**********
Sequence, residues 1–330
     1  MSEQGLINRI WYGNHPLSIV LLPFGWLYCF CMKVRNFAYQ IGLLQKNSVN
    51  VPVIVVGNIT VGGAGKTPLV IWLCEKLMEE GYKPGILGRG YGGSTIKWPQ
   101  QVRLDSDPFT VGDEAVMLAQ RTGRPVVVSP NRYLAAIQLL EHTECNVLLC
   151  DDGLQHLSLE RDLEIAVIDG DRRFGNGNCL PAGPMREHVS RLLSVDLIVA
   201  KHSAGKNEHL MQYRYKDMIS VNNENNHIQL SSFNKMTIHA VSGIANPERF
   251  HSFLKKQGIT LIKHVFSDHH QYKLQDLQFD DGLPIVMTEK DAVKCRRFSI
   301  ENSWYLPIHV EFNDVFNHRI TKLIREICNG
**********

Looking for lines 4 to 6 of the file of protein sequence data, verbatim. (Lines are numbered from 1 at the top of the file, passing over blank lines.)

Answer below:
   101  QVRLDSDPFT VGDEAVMLAQ RTGRPVVVSP NRYLAAIQLL EHTECNVLLC
   151  DDGLQHLSLE RDLEIAVIDG DRRFGNGNCL PAGPMREHVS RLLSVDLIVA
   201  KHSAGKNEHL MQYRYKDMIS VNNENNHIQL SSFNKMTIHA VSGIANPERF